By NATALIA HAWK
It was a pair of shoes that started it all.
Laura Geitz grew up in the country, on a 1500-acre cattle and grain farm, two and a half hours out of Brisbane. She didn’t actually have the opportunity to play netball until she turned 13 and went to a new school, where she had the option of choosing between hockey and netball. And she very nearly chose hockey.
But Laura’s sister picked netball, and as a result, got an “amazing” pair of purple sports shoes.
“I thought, I’m going to sign up to netball, because I’ll get a great pair of shoes like that!” Laura tells me when she calls me to discuss all things netball-related. “And that’s kind of how it all came together.”
Now, she’s the captain of the Australian netball team, the Diamonds. How’s that for a fluke?
Netball’s been in the news this week, after the Coalition promised that, if elected, they would provide $3 million towards preparation for the 2015 World Cup, and another $3 million towards completing a state-of-the-art netball complex at Sydney Olympic Park.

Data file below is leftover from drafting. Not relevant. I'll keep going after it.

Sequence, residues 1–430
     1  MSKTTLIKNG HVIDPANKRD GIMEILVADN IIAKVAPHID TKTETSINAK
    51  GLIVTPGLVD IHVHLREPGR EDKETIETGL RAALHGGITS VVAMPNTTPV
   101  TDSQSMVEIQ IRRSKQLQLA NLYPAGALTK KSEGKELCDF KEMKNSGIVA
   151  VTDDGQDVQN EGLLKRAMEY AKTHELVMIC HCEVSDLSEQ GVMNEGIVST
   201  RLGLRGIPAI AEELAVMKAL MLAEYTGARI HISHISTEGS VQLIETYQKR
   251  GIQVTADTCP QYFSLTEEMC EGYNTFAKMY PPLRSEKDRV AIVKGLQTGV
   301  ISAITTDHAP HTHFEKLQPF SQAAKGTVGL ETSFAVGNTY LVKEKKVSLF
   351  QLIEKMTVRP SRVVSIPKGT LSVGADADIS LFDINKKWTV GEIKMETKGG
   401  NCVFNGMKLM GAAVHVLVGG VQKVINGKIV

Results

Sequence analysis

It would certainly be a welcome move, considering that netball is one of Australia’s most popular sports. As soon as winter hits, hundreds of thousands of girls pull on bibs with “C” or “WD” or even “GK” on them, and hit the netball courts at their local park. The great majority of Australian women have played the game at some point or another, even if just once or twice.
And to so many young girls aspiring to be professional netballers, 26-year-old Laura may just be their biggest inspiration.
Laura was talent identified at 15 after just two years playing netball for her school. She started out in the Firebabes, a feeder team for the Queensland Firebirds, then made the under 17s side for Queensland. In 2011 – the year which she calls her “most influential to date” – she won ANZ premiership with the Firebirds that year, and went on to win the World Championships in Singapore. Laura was then awarded the Liz Ellis Diamond, which is essentially the netball equivalent to the Brownlow medal. “2011 for me was basically like a fairytale,” she says. “In a way, you couldn’t have got any better.”